We just experienced Tisha B’Av, the day we mourn the loss of the beit hamikdash and many other tragedies we have endured as a people over the centuries. This week is Shabbat Nachamu, when Hashem calls to us to end our mourning. But how can we be comforted? Our beit hamikdash has been gone for almost 2000 years and antisemitism is on the rise all over the world; how do we accept comfort?
When speaking of the challenge of being comforted, there are two places in Tanach where almost the exact same language is used. The first is when Yaakov is mourning bitterly over the loss of Yosef, whom he thinks was killed by a wild animal. The Torah describes that all of Yaakov’s children tried to comfort him, but he refused to be comforted: “וַיְמָאֵן לְהִתְנַחֵם”, declaring that he will go to his grave mourning over his lost son (Genesis 37:35).
The only other place in Tanach where the same phrase occurs is Yirmiyahu 31:15: “So says Hashem, a voice is heard on high, wailing, bitter weeping, Rachel is crying over her children; מֵאֲנָה לְהִנָּחֵם – she refuses to be comforted over her children for they are gone.” Here we encounter our matriarch Rachel weeping over her children who have been sent into exile. She cannot accept comfort over her lost sons and daughters.
What do these two cases have in common, and why is the same language used only in these two places?
First, they are the couple Yaakov and Rachel, both crying over their children who have left and not returned. In fact, both of these cases involved children who were exiled from their homes. Moreover, in neither case is there proof that they have died – Yosef’s body was not found, and Rachel’s children have been exiled and she does not know what has become of them. Rashi makes a deep psychological comment in the Yaakov story, suggesting that the reason that Yaakov could not be comforted was that Yosef was in fact still alive. If Yosef had truly died and been buried, his father would have mourned that terrible tragedy, but would have had the closure (to use modern terminology) that would have allowed him to continue living. Since Yosef was still alive, he could not be forgotten.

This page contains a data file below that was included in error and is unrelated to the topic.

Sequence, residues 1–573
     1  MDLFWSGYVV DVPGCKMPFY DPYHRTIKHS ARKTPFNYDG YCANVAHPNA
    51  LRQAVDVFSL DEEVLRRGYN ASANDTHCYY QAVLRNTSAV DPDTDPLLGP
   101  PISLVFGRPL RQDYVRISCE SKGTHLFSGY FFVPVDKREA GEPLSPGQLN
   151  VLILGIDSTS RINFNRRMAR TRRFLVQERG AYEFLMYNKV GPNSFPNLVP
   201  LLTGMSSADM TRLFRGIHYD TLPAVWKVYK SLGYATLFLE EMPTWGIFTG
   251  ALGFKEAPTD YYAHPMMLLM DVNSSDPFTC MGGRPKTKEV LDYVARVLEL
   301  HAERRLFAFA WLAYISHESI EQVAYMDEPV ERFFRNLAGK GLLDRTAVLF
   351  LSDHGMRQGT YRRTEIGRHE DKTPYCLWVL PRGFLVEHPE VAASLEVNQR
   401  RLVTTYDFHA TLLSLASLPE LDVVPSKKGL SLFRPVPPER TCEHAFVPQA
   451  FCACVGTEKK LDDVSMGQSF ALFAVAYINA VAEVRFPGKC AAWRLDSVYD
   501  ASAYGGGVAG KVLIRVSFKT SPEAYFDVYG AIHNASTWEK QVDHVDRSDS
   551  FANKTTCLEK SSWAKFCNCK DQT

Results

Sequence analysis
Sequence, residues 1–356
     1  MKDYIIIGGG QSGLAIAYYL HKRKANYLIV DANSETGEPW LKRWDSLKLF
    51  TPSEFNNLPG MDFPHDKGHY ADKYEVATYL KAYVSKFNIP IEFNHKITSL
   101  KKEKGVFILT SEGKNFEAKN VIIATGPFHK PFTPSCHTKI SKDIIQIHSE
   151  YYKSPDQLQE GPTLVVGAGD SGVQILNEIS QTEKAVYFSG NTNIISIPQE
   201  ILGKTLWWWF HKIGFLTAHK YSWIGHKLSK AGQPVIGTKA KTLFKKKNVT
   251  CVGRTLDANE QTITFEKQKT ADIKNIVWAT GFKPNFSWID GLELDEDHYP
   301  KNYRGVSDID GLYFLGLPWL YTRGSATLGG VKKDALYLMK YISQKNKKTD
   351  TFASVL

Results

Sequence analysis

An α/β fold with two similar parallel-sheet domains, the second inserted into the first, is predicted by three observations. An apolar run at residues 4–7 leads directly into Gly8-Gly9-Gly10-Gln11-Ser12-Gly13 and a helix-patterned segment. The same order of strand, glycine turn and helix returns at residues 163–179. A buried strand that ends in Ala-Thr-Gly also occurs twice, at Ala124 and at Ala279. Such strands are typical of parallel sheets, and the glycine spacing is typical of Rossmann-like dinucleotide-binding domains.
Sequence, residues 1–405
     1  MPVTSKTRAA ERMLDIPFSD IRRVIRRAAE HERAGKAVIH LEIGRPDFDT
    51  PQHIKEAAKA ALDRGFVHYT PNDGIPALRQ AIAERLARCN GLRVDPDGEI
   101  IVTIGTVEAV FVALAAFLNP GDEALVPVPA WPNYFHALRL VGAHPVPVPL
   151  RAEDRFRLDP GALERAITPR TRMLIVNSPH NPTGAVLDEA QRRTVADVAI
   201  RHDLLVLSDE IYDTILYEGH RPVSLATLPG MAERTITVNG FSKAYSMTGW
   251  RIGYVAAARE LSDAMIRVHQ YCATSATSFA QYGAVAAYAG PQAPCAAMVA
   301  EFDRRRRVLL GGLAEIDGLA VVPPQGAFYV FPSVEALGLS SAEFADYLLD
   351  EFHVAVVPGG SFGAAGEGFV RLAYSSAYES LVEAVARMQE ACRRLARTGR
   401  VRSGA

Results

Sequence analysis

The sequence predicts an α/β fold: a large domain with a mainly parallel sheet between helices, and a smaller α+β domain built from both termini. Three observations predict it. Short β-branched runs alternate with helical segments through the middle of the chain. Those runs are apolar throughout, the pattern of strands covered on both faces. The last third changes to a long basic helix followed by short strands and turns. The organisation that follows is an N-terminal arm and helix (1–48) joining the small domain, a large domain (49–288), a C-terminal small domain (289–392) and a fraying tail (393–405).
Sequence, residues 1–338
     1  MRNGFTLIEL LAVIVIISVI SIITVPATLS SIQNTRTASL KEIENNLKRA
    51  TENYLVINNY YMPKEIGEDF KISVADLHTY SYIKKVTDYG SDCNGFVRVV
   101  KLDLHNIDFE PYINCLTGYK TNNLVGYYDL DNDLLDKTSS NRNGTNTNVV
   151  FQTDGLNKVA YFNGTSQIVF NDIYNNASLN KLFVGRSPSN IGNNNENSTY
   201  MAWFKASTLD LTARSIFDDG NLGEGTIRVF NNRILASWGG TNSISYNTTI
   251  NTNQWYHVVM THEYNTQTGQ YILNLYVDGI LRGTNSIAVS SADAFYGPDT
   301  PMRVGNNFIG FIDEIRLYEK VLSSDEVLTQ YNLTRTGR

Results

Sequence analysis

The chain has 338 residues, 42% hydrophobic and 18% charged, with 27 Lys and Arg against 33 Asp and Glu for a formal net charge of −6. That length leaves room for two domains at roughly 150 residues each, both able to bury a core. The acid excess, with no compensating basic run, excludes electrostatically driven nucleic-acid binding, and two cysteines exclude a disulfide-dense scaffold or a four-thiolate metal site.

I’d like to suggest that the same is true for Rachel in Yirmiyahu’s telling of her bitter crying. Rachel cannot be comforted over the loss of her children because they, too, are not gone forever. They will return. In fact, the next two pesukim say, “So says Hashem, stop your voice from crying and your eyes from tearing, for there is a reward for your actions, says Hashem, and they will return from enemy land. And there is hope for your future, says Hashem, and the children will return to their boundaries.”
This week, when Hashem calls to us in the moving haftara, “Nachamu, nachamu ami,” He is telling us that after all of those generations of crying, of never giving up on the dream of the return to Zion, Yaakov and Rachel’s children will be back. We may have been exiled long ago, but we have kept the hope alive of returning. And just as Yosef ultimately reunited with his father, we too are coming home, as we witness the ingathering of the exiles back to Israel as described in the prophecies. That is the comfort that Hashem promises Rachel, and we pray it will continue to unfold in the years to come.